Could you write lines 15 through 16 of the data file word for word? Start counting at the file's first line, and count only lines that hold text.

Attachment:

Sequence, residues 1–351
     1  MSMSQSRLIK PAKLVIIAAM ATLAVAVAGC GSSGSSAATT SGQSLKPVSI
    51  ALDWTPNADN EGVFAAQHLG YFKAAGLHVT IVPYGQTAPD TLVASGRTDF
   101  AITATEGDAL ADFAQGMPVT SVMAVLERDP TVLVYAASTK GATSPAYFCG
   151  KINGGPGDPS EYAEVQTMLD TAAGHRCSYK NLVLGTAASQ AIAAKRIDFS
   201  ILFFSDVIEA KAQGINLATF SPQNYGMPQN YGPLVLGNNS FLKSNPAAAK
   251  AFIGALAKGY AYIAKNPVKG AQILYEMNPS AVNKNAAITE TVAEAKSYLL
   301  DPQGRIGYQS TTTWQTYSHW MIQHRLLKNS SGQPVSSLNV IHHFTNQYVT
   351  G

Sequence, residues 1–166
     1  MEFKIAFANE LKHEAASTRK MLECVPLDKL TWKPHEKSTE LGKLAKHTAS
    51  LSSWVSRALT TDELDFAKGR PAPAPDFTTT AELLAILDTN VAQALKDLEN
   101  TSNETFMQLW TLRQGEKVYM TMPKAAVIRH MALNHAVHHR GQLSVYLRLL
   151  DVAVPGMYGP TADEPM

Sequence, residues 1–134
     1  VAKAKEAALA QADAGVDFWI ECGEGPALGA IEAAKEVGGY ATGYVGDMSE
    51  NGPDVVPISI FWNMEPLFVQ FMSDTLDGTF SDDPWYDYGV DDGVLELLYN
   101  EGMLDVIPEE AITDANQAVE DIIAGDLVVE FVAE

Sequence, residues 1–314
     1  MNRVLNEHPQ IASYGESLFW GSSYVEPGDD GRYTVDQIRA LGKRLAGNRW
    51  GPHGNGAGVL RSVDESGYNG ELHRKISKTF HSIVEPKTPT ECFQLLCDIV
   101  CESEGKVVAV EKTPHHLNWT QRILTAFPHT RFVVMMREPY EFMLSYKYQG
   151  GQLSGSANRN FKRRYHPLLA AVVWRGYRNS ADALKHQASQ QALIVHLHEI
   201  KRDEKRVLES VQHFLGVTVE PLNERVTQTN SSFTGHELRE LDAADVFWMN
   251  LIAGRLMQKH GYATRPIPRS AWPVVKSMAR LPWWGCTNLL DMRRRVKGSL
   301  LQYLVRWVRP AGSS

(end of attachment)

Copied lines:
Sequence, residues 1–134
     1  VAKAKEAALA QADAGVDFWI ECGEGPALGA IEAAKEVGGY ATGYVGDMSE